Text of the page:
How Duesenberg Cars Work

The Duesenbergs put their racing expertise to use in building their acclaimed Model J, seen here in the 1930 edition.

Fred and August Duesenberg built what many still consider the finest American automobiles of all time. Their great skills were evident early on. After the Duesenberg family emigrated from Germany to Iowa in the late 1800s, a twenty-something Fred built racing bicycles renowned for precision craftsmanship. The brothers then moved on to Des Moines and automobiles, where they designed the 1904 Mason, named for their backer. By 1912, they were putting together impressive engines for Mason's competition cars. The following year, they formed Duesenberg Motor Company to build both marine engines and racing cars bearing their name.

In 1917, the brothers set up in a larger plant at Elizabeth, New Jersey, to turn out aircraft and tractor engines as well. But this business was soon overshadowed by new triumphs in auto­mobile racing. In 1919, a special 16-cylinder Duesenberg engine pushed a Land Speed Record car to 158 mph on the sands at Daytona Beach, Florida -- astounding for the day. The following year, the brothers built a Bugatti-inspired 180-cubic-inch straight-eight with single overhead camshaft and three valves per cylinder. In 1921, this engine powered the only American car ever to win the French Grand Prix. Duesenberg-powered racers soon came to rival the great racing Millers at Indianapolis, winning the annual 500-miler no less than three times before 1930.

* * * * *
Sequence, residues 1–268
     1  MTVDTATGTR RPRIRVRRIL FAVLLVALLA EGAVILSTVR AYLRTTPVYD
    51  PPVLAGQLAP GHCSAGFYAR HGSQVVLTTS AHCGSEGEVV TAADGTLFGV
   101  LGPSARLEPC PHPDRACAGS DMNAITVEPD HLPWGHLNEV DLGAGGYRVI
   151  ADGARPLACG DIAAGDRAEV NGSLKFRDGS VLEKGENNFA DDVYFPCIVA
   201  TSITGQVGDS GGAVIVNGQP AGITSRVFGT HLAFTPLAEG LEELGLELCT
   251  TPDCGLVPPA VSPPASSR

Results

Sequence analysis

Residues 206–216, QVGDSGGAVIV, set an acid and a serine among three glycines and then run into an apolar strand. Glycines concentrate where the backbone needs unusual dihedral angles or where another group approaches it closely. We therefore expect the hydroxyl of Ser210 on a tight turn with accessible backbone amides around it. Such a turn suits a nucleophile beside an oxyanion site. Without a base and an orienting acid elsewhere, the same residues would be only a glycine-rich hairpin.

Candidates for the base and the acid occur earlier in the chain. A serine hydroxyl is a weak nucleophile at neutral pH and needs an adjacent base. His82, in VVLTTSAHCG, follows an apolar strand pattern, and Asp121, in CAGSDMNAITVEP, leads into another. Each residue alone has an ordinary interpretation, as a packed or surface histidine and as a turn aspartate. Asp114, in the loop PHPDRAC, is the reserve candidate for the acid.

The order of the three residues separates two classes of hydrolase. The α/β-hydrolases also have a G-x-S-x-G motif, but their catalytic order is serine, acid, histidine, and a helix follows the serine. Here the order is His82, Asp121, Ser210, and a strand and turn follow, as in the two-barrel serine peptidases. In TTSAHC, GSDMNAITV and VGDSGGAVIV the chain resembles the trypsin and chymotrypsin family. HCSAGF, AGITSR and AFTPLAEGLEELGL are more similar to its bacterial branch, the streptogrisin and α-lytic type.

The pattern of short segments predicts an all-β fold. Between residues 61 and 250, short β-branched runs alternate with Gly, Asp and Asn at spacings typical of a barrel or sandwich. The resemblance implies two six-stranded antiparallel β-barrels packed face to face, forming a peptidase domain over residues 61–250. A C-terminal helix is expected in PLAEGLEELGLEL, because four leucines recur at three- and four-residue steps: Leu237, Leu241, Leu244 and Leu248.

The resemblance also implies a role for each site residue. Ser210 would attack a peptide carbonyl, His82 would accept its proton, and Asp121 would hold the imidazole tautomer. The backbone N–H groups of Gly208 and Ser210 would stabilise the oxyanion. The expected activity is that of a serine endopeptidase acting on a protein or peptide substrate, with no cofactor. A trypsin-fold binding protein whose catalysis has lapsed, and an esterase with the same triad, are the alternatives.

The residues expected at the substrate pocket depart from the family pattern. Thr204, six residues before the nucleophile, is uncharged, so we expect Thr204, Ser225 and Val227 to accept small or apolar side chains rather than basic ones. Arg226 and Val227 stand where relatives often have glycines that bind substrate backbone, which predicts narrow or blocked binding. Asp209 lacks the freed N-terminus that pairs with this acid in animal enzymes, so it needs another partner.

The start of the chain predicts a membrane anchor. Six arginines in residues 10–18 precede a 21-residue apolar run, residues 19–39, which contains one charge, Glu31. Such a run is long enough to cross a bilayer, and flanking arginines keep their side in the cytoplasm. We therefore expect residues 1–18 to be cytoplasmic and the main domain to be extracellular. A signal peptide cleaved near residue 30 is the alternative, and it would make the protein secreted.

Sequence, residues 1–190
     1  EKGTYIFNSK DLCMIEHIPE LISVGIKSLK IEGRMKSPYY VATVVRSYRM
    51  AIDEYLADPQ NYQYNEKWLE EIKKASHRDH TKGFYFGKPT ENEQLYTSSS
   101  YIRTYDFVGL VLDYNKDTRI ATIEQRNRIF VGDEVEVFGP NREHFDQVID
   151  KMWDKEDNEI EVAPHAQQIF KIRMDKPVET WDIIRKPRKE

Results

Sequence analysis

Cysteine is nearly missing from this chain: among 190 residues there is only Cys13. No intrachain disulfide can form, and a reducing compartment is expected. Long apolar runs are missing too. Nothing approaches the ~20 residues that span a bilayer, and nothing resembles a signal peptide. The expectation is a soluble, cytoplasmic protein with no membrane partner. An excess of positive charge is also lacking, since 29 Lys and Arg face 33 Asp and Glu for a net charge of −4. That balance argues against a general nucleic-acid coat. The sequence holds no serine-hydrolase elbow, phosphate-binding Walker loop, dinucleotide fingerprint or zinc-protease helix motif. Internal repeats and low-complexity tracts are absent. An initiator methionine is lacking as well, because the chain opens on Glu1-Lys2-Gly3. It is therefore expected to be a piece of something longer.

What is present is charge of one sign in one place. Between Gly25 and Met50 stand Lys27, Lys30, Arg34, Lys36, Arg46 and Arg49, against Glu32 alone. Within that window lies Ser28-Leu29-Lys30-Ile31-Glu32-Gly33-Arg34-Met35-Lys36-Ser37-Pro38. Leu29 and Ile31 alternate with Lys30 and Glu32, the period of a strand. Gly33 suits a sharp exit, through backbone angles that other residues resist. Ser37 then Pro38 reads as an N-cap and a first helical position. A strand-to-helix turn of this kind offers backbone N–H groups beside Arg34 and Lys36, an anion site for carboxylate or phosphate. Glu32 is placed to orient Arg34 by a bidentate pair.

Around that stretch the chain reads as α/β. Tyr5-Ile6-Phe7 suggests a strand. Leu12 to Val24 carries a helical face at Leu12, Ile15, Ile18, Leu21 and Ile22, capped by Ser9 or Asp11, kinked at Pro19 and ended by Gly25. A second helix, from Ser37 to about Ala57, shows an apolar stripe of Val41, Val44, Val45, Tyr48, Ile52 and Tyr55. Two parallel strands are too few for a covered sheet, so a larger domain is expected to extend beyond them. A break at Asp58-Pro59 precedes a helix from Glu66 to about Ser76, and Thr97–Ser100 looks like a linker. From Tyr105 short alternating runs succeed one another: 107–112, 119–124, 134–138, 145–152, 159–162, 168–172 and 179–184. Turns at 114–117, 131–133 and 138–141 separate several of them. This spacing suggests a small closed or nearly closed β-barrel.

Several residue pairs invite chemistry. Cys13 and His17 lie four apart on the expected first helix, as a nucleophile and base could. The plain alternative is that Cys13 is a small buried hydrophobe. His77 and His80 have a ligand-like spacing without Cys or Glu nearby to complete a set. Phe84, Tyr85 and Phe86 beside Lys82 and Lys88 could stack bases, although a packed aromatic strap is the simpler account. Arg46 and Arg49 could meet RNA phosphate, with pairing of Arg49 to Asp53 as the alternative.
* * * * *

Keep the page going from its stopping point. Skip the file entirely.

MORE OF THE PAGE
With their vast experience and growing reputation in racing, the Duesenbergs decided to move to Indianapolis and build a road car. Designated Model A, it appeared in late 1921 at the princely price of $6,500. A genuine result of lessons learned on the track, it carried a potent 259.6-cid overhead-valve straight-eight that could deliver up to 85 mph. It also boasted a first among American cars: four-wheel hydraulic brakes, a system Fred had devised for racing as early as 1914.

Though brilliantly engineered and fastidiously crafted, the Model A was no style-setter. Nor were the brothers very good businessmen. Thus, after selling fewer than 500 cars through 1926, they sold Duesenberg Motors to the brash Errett Lobban Cord, who also gained control of Auburn that year. Fred and Augie stayed on, however, and in 1927 they built a dozen or so Model A derivatives called Model X. But this was only a stopgap. E.L. Cord wanted something far more exotic.

He got it in the Duesenberg Model J, introduced to universal applause in December 1928. With characteristic immodesty, Cord proclaimed it "the world's finest motor car." And by most any measurement it was, the product of Cord's money and Fred's genius.

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